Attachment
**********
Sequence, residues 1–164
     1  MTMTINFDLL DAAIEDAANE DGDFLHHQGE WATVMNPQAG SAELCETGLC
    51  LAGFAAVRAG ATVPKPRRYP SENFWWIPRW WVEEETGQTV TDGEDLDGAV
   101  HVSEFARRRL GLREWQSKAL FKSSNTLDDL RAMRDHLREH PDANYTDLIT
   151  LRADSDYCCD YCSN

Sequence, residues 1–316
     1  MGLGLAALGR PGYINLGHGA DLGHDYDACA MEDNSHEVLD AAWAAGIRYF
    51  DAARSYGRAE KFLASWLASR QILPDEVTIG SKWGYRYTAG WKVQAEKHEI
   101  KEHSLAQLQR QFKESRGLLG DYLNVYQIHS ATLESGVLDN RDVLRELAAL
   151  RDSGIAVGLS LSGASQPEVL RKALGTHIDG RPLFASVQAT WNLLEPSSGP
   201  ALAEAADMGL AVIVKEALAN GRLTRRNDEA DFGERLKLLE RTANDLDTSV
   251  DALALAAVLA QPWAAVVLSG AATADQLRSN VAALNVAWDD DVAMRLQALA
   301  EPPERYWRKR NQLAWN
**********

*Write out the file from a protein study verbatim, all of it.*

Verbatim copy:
Sequence, residues 1–164
     1  MTMTINFDLL DAAIEDAANE DGDFLHHQGE WATVMNPQAG SAELCETGLC
    51  LAGFAAVRAG ATVPKPRRYP SENFWWIPRW WVEEETGQTV TDGEDLDGAV
   101  HVSEFARRRL GLREWQSKAL FKSSNTLDDL RAMRDHLREH PDANYTDLIT
   151  LRADSDYCCD YCSN

Sequence, residues 1–316
     1  MGLGLAALGR PGYINLGHGA DLGHDYDACA MEDNSHEVLD AAWAAGIRYF
    51  DAARSYGRAE KFLASWLASR QILPDEVTIG SKWGYRYTAG WKVQAEKHEI
   101  KEHSLAQLQR QFKESRGLLG DYLNVYQIHS ATLESGVLDN RDVLRELAAL
   151  RDSGIAVGLS LSGASQPEVL RKALGTHIDG RPLFASVQAT WNLLEPSSGP
   201  ALAEAADMGL AVIVKEALAN GRLTRRNDEA DFGERLKLLE RTANDLDTSV
   251  DALALAAVLA QPWAAVVLSG AATADQLRSN VAALNVAWDD DVAMRLQALA
   301  EPPERYWRKR NQLAWN